"Could you move this cat further away from me? I am allergic," declared Allergy Lady, gesturing to an adorable white puss who was curled up fast asleep by her side.
As my jaw hit the floor, JJ patiently explained that the cats are free-roaming and allowed to go wherever they like, including planting their bums on your food (he didn't say that, but it's what I wanted to happen). Allergy Lady huffed, and left not too long after.
IT'S. A. CAT. CAFÉ.
Lord, what fools these humans be.
Bottom puts his bottom where he wants.
Shall I compare thee to a summer's stray?
As massive cat fans, the main thing we wanted to see from Shakespaw was that the pusses were well cared for. This became apparent pretty much instantly. When you arrive at the café, there's a two-door system to get in, meaning you sometimes have to hover in the corridor for a while until a member of staff can come and open the second door. That's to ensure the moggies can't escape onto the street.
There's also a list of rules that's on the menus, the website, and read out to you when you sit down. It includes not picking the pusscats up (though we saw someone break this rule and tutted audibly), not waking them up when they're asleep (which is a lot, because cats), not taking photos with flash, and not feeding them, "despite what they may tell you."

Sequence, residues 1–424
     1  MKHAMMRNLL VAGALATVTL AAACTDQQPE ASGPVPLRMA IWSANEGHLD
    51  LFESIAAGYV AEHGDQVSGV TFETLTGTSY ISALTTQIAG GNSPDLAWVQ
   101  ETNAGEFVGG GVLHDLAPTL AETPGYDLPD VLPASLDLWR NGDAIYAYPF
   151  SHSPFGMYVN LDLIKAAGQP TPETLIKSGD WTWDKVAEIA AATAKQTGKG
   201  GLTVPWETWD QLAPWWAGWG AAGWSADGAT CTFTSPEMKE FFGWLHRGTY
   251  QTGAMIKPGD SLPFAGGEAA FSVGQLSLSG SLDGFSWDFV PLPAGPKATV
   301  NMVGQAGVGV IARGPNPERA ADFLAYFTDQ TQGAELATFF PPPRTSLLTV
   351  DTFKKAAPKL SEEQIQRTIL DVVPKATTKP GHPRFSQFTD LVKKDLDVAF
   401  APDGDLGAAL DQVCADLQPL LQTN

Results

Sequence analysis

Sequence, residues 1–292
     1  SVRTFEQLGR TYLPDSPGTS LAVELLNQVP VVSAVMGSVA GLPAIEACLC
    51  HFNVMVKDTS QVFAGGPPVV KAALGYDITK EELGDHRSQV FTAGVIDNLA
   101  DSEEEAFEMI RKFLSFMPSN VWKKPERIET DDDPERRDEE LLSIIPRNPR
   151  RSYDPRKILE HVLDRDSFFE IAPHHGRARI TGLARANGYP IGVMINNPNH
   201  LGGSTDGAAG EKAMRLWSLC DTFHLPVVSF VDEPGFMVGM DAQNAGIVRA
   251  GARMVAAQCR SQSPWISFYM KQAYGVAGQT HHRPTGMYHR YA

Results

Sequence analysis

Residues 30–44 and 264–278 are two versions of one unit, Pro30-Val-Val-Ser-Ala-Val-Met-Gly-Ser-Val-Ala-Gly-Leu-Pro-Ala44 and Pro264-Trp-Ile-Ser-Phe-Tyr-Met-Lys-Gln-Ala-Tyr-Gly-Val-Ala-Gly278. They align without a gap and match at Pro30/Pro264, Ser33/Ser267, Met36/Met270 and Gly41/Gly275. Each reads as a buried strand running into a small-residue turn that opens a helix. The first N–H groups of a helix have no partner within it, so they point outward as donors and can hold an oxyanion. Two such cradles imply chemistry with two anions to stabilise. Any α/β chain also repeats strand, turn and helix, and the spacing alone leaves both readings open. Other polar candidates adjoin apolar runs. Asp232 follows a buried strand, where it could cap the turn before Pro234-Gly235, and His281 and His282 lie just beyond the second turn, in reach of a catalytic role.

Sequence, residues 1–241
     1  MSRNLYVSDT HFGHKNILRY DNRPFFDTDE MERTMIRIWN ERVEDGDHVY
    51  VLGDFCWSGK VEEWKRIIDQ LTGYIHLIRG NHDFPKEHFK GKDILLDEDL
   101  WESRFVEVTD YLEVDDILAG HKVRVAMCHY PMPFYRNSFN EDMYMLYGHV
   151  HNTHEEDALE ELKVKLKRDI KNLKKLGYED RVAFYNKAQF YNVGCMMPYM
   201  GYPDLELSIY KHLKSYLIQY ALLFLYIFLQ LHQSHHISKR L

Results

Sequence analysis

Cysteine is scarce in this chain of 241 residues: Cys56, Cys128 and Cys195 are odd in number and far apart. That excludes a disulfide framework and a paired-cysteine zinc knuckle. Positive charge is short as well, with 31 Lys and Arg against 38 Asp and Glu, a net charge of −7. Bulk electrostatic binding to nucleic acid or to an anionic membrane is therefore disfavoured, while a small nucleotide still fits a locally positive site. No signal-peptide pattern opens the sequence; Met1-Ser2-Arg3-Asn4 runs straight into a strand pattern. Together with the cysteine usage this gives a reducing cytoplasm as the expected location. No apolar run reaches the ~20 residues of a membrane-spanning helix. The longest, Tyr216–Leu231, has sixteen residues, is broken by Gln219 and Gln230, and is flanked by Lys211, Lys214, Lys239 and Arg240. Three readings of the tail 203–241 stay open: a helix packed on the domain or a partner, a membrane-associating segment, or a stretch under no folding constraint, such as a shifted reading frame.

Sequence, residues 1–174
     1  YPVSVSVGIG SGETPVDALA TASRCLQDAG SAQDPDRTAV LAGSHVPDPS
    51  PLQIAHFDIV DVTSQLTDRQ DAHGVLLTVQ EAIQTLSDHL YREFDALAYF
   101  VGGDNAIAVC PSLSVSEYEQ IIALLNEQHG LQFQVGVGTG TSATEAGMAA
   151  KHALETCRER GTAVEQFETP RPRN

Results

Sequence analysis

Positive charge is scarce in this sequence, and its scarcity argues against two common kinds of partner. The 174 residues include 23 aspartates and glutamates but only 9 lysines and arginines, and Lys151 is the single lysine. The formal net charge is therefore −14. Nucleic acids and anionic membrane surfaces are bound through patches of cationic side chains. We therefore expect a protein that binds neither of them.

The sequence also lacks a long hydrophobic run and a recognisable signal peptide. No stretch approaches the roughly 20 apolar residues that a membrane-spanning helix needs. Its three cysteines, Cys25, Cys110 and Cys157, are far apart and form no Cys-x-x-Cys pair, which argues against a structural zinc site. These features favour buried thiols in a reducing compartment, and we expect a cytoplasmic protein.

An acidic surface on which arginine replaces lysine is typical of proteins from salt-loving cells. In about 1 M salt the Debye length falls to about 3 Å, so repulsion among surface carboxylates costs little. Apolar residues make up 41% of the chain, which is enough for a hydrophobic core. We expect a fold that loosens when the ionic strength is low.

We were a bit worried the cats would be swarming us, pestering for food, but thankfully they're very well trained and left our extremely delicious meals alone – although one naughty kitten did steal a bit of cream off a table near us.
The menu is exactly what we hoped for: warm comfort food. There's lots of mac and cheese, and pancakes:
And the drinks are perfect for the setting: lots of types of tea and some truly scrumptious hot chocolates with marshmallows and cream, which we had to resist offering to a nearby tabby.
Our tea even came in an original Charles and Diana teapot:
The café has quite the collection of vintage china, although how any of it is still in one piece when this happens is beyond us!
They also have an impressive array of branded merchandise featuring the café and the kitties, but it's not actively pushed at you -- it's just on display and you can ask for stuff if you want it.
Something kitty this way comes